Accessing adjoining records with VLookup

I have a table with about a 1,000 client name and client numbers.  When working in Excel I periodically need to lookup a client number. (See Sample Table Below).

I am using =VLOOKUP(C2, A2..B11,1,TRUE) to get the actual Client Name and
                  =VLOOKUP(C2, A2..B11,2,TRUE) to get the Client Number  

I have two problems.

1. Unless you enter the query the exact client name, you get the client name and client number of the previous client.  I understand this is the way VLookup works. Can that aspect be modified in some way to multiple answers?  

2. There are several incidents of business or individuals with similar names.  Same question as above?

3. We could expand this into looking up TaxID numbers, phone numbers etc. if we could solve this problem.  And please do not tell me that we could do this much easier with a database.  I understand but we are always working in Excel and it would be very convenient.  

The entire office in running Excel 2003

Client Name                       Client Number     Query            Client Answer                Client # Answer
Big City Bakery                   1200                      Valley            The Donut Shoppe       7250
Big City Tires                        1430
Carefree Chiropractic          2010
Mountainview Lodge          5460
Realty Associates                  6980
The Donut Shoppe              7250
Valley Electrical Supply       8810
Valley Feed Store                8820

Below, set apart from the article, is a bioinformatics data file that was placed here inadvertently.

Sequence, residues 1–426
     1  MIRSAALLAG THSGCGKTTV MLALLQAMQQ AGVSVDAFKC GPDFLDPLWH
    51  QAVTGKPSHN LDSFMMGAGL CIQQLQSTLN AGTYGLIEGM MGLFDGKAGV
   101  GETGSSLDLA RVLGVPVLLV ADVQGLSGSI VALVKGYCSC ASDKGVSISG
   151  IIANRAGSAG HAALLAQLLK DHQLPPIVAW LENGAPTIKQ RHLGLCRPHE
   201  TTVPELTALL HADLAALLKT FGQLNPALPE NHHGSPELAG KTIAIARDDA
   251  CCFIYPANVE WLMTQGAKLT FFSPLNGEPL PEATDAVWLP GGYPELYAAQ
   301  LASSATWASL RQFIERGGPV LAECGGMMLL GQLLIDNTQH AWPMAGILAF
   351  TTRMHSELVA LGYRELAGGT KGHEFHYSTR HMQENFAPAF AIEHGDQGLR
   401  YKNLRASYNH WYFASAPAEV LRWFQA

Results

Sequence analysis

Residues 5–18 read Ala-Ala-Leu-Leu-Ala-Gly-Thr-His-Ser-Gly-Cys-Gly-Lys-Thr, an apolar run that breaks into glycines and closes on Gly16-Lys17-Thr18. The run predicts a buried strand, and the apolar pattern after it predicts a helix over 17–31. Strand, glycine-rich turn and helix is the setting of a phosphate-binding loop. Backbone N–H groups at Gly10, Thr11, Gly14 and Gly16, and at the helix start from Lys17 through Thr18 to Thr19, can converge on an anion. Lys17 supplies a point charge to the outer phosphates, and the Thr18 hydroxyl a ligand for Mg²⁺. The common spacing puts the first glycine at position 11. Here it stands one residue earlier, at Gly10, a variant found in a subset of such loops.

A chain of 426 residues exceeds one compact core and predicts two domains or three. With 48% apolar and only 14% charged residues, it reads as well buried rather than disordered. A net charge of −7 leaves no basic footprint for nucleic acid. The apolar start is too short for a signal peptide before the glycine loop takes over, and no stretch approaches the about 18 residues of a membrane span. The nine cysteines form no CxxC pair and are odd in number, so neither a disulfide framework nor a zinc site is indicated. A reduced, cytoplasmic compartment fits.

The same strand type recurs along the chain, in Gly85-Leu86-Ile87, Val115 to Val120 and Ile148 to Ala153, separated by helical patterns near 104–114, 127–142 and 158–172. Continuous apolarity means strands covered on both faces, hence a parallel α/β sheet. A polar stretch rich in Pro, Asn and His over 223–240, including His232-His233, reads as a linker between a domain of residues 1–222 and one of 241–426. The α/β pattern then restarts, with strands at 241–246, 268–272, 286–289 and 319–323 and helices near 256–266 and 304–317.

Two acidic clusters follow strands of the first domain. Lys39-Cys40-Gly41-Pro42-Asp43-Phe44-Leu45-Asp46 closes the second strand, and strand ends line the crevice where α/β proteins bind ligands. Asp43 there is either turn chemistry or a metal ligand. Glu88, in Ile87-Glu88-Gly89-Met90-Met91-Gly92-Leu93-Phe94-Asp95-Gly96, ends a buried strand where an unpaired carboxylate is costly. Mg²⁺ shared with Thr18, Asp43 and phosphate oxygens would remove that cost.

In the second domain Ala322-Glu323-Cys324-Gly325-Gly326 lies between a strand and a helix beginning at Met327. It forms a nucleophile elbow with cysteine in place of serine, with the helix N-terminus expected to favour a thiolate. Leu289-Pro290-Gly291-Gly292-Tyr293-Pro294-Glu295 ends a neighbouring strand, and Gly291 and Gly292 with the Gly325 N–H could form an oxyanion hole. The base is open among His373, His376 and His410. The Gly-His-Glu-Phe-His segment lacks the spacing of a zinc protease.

Valley Plumbing Co.           8830
Valley Supply Company     8840
Bill GoldenExecutive Managing MemberAsked:
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Saqib Husain, SyedEngineerCommented:
This seems to be very similar to my question at

Try file at the accepted answer. Insert your own data in the sheet and save the file and then reopen it with macros enabled.
James ElliottManaging DirectorCommented:
You could create a concatenation column which creates a unique value in both your search fields, and lookup data.

An example is attached which demonstrates. Note use of the FALSE flag at the end of the formula in column F, which denotes that a precise match is needed. This stops the formula from guessing.
Bill GoldenExecutive Managing MemberAuthor Commented:
I'm sorry but VBA is just beyond me at this moment in my professional career. Therefore, looking for a simple answer is there a way to add to the value found in C2?

=VLOOKUP(C2, A2..B11,1,TRUE)

In other words, if the value of C2 is actually ABC, can I add the letter Z to the Query or combine the contents of two cells, say C2 and Z2?
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Rob HensonFinance AnalystCommented:
Change the third parameter in the VLOOKUP from TRUE to FALSE. It will then only find an exact match.

You can also use Data Validation in the query cell to look at the list of available values.

Rob H

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James ElliottManaging DirectorCommented:
My answer doesn't involve VBA and appears to directly answer your following comment regarding combining lookup values for the VLOOKUP function.
Bill GoldenExecutive Managing MemberAuthor Commented:
The reason I am using the True function instead of False is that entering "Clark County Door & Supply, LLC" is a terrible waste time and invariably someone will enter "Clark County Door AND Supply, LLC" or "Clark County Door & Supply, Inc." or "Clark County Door & Supply Inc." and on and on and on.  And then, there are those folks with just unimaginable last names. Try remembering how to spell Lakhnavi; and generally it is Hernandez, but occasionally it is Hernandes.

This may be the case of trying to insert a square peg into a round hole. A database with an expanded query function might be better.
Rob HensonFinance AnalystCommented:
The Data Validation option will allow users to just select from a list so no worries about misspelt entries.

Data validation doesn't give the option of a reduced list as you type but that can be achieved. How long is your list?